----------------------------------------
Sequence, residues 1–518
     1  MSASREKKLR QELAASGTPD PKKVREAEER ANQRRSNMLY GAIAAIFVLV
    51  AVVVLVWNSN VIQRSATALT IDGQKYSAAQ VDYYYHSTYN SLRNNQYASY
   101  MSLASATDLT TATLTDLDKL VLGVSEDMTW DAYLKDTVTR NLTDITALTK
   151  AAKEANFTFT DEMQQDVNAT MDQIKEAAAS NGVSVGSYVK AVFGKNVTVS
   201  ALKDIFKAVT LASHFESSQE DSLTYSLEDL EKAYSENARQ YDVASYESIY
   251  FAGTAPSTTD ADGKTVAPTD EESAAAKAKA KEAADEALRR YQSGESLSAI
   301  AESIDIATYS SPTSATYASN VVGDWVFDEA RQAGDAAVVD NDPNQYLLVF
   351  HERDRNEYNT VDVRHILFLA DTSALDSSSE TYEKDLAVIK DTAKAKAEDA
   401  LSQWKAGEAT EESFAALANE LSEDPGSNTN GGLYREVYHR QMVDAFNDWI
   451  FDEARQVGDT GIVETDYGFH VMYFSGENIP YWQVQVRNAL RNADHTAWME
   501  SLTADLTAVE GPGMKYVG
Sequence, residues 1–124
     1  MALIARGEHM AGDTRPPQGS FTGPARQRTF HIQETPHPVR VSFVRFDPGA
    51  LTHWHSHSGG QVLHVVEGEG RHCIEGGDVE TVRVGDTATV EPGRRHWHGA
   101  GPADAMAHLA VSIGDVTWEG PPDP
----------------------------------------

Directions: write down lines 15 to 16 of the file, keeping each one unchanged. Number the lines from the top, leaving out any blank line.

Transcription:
    51  LTHWHSHSGG QVLHVVEGEG RHCIEGGDVE TVRVGDTATV EPGRRHWHGA
   101  GPADAMAHLA VSIGDVTWEG PPDP